Movies that are slightly off.
Love. Expulsion. Revolution.
Max Fischer, a precocious and eccentric 15 year-old, who is both Rushmore's most extracurricular and least scholarly student; Herman Blume, a disillusioned industrialist who comes to admire Max; and Rosemary Cross, a widowed first grade teacher who becomes the object of both Max's and Herman's affection.
Dirk Calloway is really the only one here with a decent head on his shoulders.
Probably the movie I've seen more than any other, and it still reduces me to a soggy lump by the ending every single time. Wes Anderson's funniest, sharpest, most deeply-felt film, this indelible portrait of a true American dreamer resonates across all boundaries and transcends, even now, its retrospectively-familiar exquisitely composed visuals and snappy soundtrack. Whatever your opinion of later Anderson stuff (I'm wishy-washy on some of it myself), Rushmore's unique magic is irresistible.
Watched for the first time with the 13-year-old. Strikes me that an underrated quality of Anderson's work is the casual diversity of the supporting casts. Also, it won't be easy, but I will be voting for Wes over the Coens in Filmspotting Madness.
I find that the older the Wes Anderson film, the easier it is to review...
This was a time where Anderson's warm and vibrant art style that almost made his film look like plays had yet to develop itself. The Royal Tenenbaums was the best mix of style and substance where Moonrise Kingdom was a little too much quirk and colors for its own good. I had an awful time trying to review both of those because it was hard to pinpoint exactly what I loved with Tenenbaums and what I hated with Moonrise without sounding too generalized or short. I just simply liked one and disliked the other. It was very hard to express why, but I still felt…
This is probably one of the few films I enjoy that I have a strong personal history with. A complicated history that makes me feel unreasonably attached to the film. Most movies I liked when I was younger I rewatch and don't like. I don't have a lot of respect for my taste as a youth, especially as a teenager. This is a film that I have liked, more or less, ever since I saw it. I loved it as a teenager when I first saw it (I think it was the first Criterion DVD I ever purchased), I liked it just fine in my early-to-mid twenties (even as my viewing of The Life Aquatic caused me to question Anderson…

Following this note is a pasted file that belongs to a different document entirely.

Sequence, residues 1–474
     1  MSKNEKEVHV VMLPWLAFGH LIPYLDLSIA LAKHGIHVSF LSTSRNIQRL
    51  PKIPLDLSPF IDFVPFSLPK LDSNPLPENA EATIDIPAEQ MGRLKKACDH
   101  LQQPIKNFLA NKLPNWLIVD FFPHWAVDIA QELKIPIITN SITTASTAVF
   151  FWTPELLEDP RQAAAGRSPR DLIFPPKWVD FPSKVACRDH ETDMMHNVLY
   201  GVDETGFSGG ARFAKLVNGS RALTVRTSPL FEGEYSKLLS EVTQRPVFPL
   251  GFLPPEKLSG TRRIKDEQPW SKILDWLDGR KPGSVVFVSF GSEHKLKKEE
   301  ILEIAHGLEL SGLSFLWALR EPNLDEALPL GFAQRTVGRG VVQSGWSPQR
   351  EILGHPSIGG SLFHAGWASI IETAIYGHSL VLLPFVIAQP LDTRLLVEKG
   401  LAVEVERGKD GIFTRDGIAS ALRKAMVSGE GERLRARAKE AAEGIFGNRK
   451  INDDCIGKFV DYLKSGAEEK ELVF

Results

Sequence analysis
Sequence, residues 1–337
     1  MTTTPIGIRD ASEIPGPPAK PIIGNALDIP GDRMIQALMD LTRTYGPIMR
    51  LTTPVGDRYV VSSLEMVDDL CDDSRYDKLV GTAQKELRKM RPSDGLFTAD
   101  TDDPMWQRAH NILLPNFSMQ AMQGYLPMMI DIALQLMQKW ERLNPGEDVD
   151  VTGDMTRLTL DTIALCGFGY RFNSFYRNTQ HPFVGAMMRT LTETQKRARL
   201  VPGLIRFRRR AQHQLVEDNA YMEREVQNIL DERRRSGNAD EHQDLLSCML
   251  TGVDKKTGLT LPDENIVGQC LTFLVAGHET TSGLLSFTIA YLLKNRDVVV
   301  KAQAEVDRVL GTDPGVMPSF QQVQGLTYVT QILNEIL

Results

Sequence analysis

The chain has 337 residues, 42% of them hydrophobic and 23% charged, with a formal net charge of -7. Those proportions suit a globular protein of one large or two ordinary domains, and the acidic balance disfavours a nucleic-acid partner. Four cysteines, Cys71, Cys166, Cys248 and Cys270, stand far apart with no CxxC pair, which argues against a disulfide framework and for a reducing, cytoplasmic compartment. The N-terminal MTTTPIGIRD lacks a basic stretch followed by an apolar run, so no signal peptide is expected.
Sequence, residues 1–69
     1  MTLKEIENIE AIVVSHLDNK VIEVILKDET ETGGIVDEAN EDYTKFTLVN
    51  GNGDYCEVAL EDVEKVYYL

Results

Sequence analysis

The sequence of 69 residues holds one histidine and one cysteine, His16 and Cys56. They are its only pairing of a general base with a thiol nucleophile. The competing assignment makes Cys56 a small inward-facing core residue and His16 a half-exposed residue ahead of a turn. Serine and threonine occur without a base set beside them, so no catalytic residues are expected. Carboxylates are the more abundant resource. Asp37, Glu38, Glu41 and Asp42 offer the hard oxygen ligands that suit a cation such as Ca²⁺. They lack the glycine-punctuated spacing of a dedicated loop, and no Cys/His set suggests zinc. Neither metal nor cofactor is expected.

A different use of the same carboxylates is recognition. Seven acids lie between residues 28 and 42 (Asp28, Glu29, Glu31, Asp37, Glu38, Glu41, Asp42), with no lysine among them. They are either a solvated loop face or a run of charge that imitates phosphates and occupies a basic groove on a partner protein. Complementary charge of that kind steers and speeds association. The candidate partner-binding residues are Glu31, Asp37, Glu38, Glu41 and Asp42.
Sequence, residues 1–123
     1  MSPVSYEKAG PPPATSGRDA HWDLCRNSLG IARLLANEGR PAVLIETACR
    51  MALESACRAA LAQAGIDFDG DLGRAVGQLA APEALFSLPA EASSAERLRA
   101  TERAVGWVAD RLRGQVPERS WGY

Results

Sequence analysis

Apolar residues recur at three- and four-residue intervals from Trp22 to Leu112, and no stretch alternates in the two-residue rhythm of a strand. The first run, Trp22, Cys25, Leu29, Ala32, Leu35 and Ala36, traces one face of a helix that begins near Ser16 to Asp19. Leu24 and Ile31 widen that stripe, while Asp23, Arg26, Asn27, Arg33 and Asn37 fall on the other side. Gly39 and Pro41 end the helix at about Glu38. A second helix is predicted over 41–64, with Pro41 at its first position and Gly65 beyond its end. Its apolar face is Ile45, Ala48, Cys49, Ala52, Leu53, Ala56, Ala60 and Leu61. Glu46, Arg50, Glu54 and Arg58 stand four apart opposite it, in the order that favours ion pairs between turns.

"The secret, I don't know... I guess you've just gotta find something you love to do and then... do it for the rest of your life. For me, it's going to Rushmore."
The Royal Tenenbaums has always been my favorite Wes Anderson movie and I always thought it was because it was the first one of his that I had seen, but it can officially move over now because I have a new favorite: Rushmore. This film was so charming, the soundtrack so cool, and the characters so well developed that I was completely in love with it once the credits started rolling. Not only is it my favorite Wes Anderson film, but it also belongs on my all time…
"Best play ever, man."
I have always said that this film is my favourite Wes Anderson movie. Maybe not his best movie (that would probably be either The Royal Tennenbaums or The Grand Budapest Hotel), but still my own personal favourite. However, when I sat down to watch the movie again last night, it occurred to me that I had not actually watched the film in quite a long time (several years at least), and so I became worried whether I would still love the film as much as I did originally. Fortunately, I had little to worry about.
When I first saw this movie (which was my first Wes Anderson picture), I think I can fairly say I was blown away by it.…
Damn this was great.
kind of wanted to punch the protagonist.
Why did you ask me to come here?
Oh, I was going to drop that tree on you.
That big one?
Yeah. It would've flattened me like a pancake. Why didn't you?
What's the point.
I had a huge grin on my face through what felt like the entire first half or so. It was quick, it was lean, it was charming, and the jokes just kept coming one after the other tickling me in all the right spots. Textbook Wes Anderson. I was in love!
And then at some point the energy seemed to wash away... The Bill Murray slapstick vanished, the pacing slowed, and the world started to get a bit more serious, and it caught me off guard. I didn't know how to react when I was presented with some heartfelt, genuine human suffering from its characters. Finally, before coming to a rather unsatisfying conclusion, the story seemed to meander a bit…
i was like "good one wes anderson you're making sure to show the audience that this is not a healthy relationship and that rosemarys actually a sane adult who doesnt fuck with that!!!! hes not romanticising pedophilia!" but every now and then there would come a scene where id be like "YOOOO WES WHAT ARE U DOING HES 15!!!"
All the films from all the editions, including those subsequently removed, presently totalling 1177. An easy way of seeing how…